Posted by: Lister | August 2, 2007

Shopping for peace

Shopkeepers to join W. Bank struggle:

For 13 years, Hebron’s Old City has been so carved up by fences, concrete barriers and Israeli army checkpoints that most of its shops have closed. Starting today, the new Palestinian leadership in the West Bank is waging a campaign to get them reopened.

[…] Under the slogan “This City Is Yours,” the government is promising $200 a month for six months to any Old City merchant willing to navigate the maze of security obstacles, reopen his shop and keep it open, in the hope that customers will follow and help revive a historic district that now resembles a ghost town.

[…] “Steadfastness is a form of resistance,” said Riyad Maliki, Fayyad’s minister of information. “When kids go to school despite the roadblocks, that’s resistance. When people brave the soldiers to open their shops, that’s resistance: peaceful, civic resistance.”

“We have opted to take that path: resistance with results,” he added. “We believe that approach can deliver the end of occupation.”

Let’s hope so.

[…] But Palestinian critics of Fayyad say he risks deep popular disenchantment with his nonviolent program unless negotiations lead quickly to a timetable for Israeli withdrawal.

“If Israel stays and continues to allow expansion of Jewish settlements, then these peaceful initiatives by our government will appear inadequate,” said Ghassan Khatib, a former Palestinian Cabinet official. “If the government appears irrelevant in the face of the occupation, it will rapidly lose public support.”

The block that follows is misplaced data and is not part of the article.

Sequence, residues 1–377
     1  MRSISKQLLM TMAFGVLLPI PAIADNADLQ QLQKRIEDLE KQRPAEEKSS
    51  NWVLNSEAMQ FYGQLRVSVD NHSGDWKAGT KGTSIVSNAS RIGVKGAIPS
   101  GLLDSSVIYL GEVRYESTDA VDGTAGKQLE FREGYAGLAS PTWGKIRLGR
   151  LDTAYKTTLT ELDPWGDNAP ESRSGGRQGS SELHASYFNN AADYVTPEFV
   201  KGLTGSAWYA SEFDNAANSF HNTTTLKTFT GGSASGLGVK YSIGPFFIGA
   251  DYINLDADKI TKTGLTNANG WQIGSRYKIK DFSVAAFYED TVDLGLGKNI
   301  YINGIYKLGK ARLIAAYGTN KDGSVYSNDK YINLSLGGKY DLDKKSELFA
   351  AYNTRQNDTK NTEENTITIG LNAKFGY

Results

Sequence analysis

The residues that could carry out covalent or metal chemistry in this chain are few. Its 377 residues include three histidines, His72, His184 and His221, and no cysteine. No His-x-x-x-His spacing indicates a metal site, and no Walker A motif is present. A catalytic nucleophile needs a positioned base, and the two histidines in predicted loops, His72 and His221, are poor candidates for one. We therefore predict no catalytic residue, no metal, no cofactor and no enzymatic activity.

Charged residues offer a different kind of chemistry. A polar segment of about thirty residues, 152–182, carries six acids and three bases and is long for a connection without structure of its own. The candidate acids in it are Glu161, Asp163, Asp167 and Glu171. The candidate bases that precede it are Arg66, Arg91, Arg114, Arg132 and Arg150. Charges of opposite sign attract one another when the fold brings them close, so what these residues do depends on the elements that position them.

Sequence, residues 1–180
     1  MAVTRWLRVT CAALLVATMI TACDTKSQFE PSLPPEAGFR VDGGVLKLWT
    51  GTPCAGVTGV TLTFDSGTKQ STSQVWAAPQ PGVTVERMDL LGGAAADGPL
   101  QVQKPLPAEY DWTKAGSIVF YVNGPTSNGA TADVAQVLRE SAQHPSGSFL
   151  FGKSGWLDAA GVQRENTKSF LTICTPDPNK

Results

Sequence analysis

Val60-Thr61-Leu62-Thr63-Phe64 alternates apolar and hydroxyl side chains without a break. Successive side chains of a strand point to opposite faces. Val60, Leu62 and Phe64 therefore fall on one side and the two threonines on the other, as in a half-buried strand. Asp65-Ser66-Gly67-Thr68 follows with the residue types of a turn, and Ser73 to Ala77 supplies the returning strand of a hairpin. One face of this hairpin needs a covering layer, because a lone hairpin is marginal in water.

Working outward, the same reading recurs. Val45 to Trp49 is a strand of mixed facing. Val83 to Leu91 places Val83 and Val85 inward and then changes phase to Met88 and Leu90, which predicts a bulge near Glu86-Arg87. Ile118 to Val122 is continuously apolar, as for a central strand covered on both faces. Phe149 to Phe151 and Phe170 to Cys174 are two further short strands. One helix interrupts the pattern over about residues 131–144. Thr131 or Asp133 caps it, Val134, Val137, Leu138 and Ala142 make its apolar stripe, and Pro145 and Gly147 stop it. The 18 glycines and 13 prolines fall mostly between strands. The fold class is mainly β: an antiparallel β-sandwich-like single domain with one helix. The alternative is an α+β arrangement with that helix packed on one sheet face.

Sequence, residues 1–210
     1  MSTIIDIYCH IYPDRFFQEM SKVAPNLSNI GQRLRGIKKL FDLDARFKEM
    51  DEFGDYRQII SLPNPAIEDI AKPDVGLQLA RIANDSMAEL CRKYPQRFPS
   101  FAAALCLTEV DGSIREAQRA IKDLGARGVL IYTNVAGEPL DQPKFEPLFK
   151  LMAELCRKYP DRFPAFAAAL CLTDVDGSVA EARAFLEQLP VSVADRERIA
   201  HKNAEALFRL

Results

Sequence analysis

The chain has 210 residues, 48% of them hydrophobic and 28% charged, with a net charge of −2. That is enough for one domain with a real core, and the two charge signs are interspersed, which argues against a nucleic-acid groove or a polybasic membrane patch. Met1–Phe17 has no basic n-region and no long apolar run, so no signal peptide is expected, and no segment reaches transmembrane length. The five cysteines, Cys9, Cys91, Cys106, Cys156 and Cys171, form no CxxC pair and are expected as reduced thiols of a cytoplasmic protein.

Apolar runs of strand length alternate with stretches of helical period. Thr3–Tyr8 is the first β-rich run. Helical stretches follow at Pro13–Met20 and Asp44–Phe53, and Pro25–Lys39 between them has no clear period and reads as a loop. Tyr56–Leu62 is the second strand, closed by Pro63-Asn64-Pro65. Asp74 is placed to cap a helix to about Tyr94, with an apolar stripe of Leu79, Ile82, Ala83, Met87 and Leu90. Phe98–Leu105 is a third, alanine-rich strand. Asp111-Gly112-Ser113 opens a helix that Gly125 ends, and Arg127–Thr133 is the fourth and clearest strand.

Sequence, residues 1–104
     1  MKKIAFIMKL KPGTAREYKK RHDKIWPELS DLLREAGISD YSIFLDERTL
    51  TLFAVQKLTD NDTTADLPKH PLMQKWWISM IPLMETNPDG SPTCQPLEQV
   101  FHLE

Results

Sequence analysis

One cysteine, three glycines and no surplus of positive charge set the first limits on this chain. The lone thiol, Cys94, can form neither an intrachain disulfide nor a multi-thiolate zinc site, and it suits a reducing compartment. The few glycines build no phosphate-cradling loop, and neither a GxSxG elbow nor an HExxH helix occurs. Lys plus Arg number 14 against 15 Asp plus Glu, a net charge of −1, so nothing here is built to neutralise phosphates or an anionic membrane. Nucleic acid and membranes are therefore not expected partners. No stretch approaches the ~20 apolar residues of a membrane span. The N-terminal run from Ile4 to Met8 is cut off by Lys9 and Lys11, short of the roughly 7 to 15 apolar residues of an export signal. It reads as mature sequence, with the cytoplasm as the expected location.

The stakes are evident in Hebron’s Old City.

City officials say measures by the Israeli army to keep Hebron’s 150,000 Palestinian residents physically separated from about 700 Jewish settlers in the historic center have forced the closure of more than 1,800 Palestinian shops, about three-fourths of those that once operated in the Old City.


Leave a Reply

Fill in your details below or click an icon to log in: Logo

You are commenting using your account. Log Out /  Change )

Google+ photo

You are commenting using your Google+ account. Log Out /  Change )

Twitter picture

You are commenting using your Twitter account. Log Out /  Change )

Facebook photo

You are commenting using your Facebook account. Log Out /  Change )


Connecting to %s


%d bloggers like this: